The Village | Film | Pittsburgh | Pittsburgh City Paper

Writer and director M. Night Shyamalan has made his reputation with moody thrillers that pack twist endings. He caused us to re-think dead people (The Sixth Sense), superheroes (Unbreakable) and aliens (Signs). And here, in The Village, Shyamalan invites us to speculate about monsters in the deep forest, and it's not giving anything away to say: Expect a twist or two.


The film opens with the funeral of a boy, but the event doesn't seem to disrupt the unity of this small hamlet. It is 1897, and death is common enough in rural Pennsylvania. Less typical is what binds the townsfolk together -- a fear of inhuman creatures that lurk in the surrounding woods. The village, essentially a ringed encampment, has struck a bargain: Residents will not venture into the forest, and the beasts will not harm the villagers.


And yet, evidence of the creatures turns up in town. Has the pact been broken? Are the villagers truly safer here than in "the towns," urban areas which the settlers have forsaken for their idyllic yet tenuous isolation? Such questions cause the village's elders -- William Hurt, Sigourney Weaver and Brendan Gleeson -- to fret, while young Ivy (Bryce Dallas Howard), a very able blind girl, is mostly preoccupied with romancing the gloomy Lucius (Joaquin Phoenix) and romping with the village idiot, Noah (Adrien Brody).


Weaver and Hurt are appropriately grave, and Brody has a role he could play in his sleep. Phoenix takes his role as taciturn moralist to such a deep, dark place that his few lines unintentionally generated audience laughter. Howard (daughter of actor/director Ron Howard), with her oddly raw yet fragile features, makes a welcome debut, though a future work less rigidly calculated will be her true test.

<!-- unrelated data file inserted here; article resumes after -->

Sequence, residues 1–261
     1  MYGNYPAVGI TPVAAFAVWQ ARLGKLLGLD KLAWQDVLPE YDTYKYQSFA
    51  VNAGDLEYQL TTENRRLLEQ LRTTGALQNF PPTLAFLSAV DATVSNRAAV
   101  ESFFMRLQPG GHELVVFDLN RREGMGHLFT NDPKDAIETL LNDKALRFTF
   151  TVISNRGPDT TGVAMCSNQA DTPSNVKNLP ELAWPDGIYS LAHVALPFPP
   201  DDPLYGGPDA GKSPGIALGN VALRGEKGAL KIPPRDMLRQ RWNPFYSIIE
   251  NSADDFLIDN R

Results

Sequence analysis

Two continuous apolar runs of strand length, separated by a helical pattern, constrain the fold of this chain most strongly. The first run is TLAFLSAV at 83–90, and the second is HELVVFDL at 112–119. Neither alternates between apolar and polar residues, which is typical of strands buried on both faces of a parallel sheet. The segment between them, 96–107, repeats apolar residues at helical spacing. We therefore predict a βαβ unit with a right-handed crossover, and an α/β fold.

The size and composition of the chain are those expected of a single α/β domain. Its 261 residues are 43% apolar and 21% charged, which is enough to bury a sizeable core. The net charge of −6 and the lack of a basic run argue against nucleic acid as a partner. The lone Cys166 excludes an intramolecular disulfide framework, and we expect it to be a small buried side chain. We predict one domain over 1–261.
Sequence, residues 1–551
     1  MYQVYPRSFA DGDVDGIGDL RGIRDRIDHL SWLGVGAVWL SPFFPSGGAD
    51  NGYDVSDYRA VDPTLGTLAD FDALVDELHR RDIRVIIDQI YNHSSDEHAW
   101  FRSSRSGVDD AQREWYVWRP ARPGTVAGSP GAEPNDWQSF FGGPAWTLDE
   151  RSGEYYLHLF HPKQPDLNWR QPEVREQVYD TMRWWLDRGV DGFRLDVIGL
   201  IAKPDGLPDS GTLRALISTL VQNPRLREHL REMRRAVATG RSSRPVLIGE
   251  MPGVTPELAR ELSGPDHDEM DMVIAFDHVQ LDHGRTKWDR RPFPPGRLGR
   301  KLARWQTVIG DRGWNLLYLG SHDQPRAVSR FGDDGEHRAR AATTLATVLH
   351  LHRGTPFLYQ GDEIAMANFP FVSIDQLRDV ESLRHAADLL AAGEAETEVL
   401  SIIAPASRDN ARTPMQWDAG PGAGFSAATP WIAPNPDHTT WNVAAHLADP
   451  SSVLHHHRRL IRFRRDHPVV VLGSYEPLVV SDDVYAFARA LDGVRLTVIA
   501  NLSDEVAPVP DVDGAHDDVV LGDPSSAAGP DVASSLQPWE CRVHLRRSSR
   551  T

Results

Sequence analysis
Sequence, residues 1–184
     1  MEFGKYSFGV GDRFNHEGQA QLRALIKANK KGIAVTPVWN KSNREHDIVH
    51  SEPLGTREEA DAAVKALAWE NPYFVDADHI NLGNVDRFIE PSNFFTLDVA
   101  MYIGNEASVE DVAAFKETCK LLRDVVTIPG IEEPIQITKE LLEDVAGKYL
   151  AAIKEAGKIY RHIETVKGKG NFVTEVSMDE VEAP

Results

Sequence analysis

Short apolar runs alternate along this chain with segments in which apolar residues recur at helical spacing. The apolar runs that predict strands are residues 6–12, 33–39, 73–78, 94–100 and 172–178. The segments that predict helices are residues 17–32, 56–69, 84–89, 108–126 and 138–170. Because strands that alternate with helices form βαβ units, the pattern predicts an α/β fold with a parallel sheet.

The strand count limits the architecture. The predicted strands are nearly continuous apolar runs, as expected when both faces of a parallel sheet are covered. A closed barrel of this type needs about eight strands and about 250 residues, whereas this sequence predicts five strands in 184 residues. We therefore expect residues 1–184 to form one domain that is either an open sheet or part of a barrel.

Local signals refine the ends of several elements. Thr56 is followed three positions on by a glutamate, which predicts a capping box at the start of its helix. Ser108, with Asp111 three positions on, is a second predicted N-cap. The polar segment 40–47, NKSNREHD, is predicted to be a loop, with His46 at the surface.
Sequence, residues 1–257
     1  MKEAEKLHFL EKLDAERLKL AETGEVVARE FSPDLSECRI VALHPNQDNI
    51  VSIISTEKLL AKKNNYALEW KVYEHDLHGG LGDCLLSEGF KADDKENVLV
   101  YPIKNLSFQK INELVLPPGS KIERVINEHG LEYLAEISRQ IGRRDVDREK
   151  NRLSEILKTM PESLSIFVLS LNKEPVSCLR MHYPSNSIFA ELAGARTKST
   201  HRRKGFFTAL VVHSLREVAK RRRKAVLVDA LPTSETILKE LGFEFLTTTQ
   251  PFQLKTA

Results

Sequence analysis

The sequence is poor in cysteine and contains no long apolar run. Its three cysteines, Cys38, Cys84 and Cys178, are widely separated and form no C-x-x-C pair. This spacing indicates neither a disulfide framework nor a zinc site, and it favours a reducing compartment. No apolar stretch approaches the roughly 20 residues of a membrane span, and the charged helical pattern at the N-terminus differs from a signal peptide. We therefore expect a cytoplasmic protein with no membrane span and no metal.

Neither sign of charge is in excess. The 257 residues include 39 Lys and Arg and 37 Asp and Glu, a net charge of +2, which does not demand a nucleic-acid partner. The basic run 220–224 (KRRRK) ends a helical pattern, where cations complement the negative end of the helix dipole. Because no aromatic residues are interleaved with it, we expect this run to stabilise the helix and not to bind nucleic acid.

The film begins shakily: The old-world staging feels awkward (did people really say "What is your meaning?" instead of "What do you mean?"), and despite the ominous threats of trouble, the first half plays like Shyamalan is expending spare time, more intent on tweaking our expectations than setting up a cohesive story. Ramble about in my meticulously constructed 19th-century world, and just try to guess the twist!


Shyamalan exhibits a nice hand with the camera -- the film is prettily lit with sepia tones, and many shots are elegantly framed. The trees rustle and the darkness is barely breached by torch -- and yet it all felt less in aid of creating true suspense than biding time until Mister Twister yanks the rug out. That defeats the very nature of a twist -- there's no surprise if we're anticipating it, or worse, cued to look for it behind every door and under every cloak. Don't say I didn't warn you. 2.5 cameras

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